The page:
In this world where we are inevitably altered by the people with whom we interact, it can be difficult to maintain a sense of self. It is for this reason that I think writing is such an important, and in fact necessary, hobby.
Since I was in fifth grade, I have always kept something like a daily journal. I would record daily events, but I would also indicate any remarkable thoughts I had that day, any interactions that seemed notable, and any personal revelations that had suddenly made themselves obvious.
In a quiet space, untouched by external factors, I explored my mind. I mentioned any thought that lingered. I analyzed the characters of people I met. I inspected my own. All of my conflicts, doubts, fears, and triumphs I recorded on a piece of lined paper. And because this belonged only to me, I did not hold back. There are angry and spiteful entries that make me wince upon reflection. There are deeply heartfelt entries denouncing the aforementioned entries a day later.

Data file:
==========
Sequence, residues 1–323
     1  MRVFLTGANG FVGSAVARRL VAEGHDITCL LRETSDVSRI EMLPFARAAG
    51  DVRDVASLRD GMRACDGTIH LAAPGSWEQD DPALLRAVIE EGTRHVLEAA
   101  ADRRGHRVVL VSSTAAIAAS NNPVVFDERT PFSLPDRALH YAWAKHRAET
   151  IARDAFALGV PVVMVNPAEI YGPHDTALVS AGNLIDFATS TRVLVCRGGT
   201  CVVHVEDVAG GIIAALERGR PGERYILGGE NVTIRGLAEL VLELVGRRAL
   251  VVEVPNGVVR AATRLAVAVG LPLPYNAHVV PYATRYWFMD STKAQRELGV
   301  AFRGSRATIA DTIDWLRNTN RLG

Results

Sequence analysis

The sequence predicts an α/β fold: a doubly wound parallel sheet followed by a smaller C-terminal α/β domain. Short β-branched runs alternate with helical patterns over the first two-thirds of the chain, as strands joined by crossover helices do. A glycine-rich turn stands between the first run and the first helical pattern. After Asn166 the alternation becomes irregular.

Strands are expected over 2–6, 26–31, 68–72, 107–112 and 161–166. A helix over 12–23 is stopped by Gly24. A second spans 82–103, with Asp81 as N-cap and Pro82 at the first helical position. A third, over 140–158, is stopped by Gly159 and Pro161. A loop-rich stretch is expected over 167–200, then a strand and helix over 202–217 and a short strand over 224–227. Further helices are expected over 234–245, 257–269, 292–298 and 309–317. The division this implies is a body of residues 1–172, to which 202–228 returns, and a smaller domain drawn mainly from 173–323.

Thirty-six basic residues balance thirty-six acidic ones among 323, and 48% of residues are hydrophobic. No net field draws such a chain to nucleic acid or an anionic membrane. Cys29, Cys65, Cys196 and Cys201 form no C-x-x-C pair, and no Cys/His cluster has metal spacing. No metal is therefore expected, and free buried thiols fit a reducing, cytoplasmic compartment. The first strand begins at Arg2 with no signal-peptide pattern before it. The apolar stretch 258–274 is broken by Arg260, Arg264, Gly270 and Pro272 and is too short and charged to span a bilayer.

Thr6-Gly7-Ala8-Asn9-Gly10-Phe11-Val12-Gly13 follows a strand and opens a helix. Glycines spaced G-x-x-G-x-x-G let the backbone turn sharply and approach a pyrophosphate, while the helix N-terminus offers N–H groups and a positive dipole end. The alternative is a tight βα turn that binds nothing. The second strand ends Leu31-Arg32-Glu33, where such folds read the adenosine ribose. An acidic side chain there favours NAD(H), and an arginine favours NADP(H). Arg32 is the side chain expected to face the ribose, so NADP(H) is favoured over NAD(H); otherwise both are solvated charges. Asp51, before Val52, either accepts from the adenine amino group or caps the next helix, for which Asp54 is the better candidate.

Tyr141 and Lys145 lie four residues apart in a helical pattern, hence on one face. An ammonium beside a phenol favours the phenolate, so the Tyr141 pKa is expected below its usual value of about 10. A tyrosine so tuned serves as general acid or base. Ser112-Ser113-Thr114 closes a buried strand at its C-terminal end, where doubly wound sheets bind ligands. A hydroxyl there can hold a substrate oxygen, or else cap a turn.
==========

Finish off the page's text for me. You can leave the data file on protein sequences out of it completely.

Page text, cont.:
Writing every night started as a way for me to capture my life experiences, but it became so much more than that. It became a way for me to think of crazy, fantastic things that would have never even entered my mind any other way.
I have read back on past angry entries, and thought about how I could improve upon my social skills. I analyzed long, quiet entries in which I allowed simple thoughts to flower into something entirely novel.
I have smiled at my past immaturity, laughed at my trivial embarrassments, and cried for my deepest sorrows. I reflected on myself in the past, and envisioned myself in the future.
Even at the lowest points of my life, I never lose my sense of self because I am secure in the knowledge that I can find it preserved between the covers of my journals. Absent of outside influences, writing became the perfect way to express my creativity, and, through it, I remembered, learned from, and grew into myself.